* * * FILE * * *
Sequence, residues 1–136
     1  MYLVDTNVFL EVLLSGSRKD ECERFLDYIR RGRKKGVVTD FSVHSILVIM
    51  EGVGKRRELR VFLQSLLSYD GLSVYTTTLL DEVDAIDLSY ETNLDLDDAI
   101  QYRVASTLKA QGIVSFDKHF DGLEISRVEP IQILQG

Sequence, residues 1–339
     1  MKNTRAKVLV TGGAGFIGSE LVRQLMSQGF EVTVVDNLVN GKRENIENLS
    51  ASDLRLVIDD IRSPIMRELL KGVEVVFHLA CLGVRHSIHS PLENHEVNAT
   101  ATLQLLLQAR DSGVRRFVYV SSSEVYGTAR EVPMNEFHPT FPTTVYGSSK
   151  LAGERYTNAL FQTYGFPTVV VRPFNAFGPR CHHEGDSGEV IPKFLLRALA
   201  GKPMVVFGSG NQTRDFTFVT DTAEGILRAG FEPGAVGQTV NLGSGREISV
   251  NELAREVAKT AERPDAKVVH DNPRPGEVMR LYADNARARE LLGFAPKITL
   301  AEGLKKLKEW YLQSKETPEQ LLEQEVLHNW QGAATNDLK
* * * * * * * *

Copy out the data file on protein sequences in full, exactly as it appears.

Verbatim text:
Sequence, residues 1–136
     1  MYLVDTNVFL EVLLSGSRKD ECERFLDYIR RGRKKGVVTD FSVHSILVIM
    51  EGVGKRRELR VFLQSLLSYD GLSVYTTTLL DEVDAIDLSY ETNLDLDDAI
   101  QYRVASTLKA QGIVSFDKHF DGLEISRVEP IQILQG

Sequence, residues 1–339
     1  MKNTRAKVLV TGGAGFIGSE LVRQLMSQGF EVTVVDNLVN GKRENIENLS
    51  ASDLRLVIDD IRSPIMRELL KGVEVVFHLA CLGVRHSIHS PLENHEVNAT
   101  ATLQLLLQAR DSGVRRFVYV SSSEVYGTAR EVPMNEFHPT FPTTVYGSSK
   151  LAGERYTNAL FQTYGFPTVV VRPFNAFGPR CHHEGDSGEV IPKFLLRALA
   201  GKPMVVFGSG NQTRDFTFVT DTAEGILRAG FEPGAVGQTV NLGSGREISV
   251  NELAREVAKT AERPDAKVVH DNPRPGEVMR LYADNARARE LLGFAPKITL
   301  AEGLKKLKEW YLQSKETPEQ LLEQEVLHNW QGAATNDLK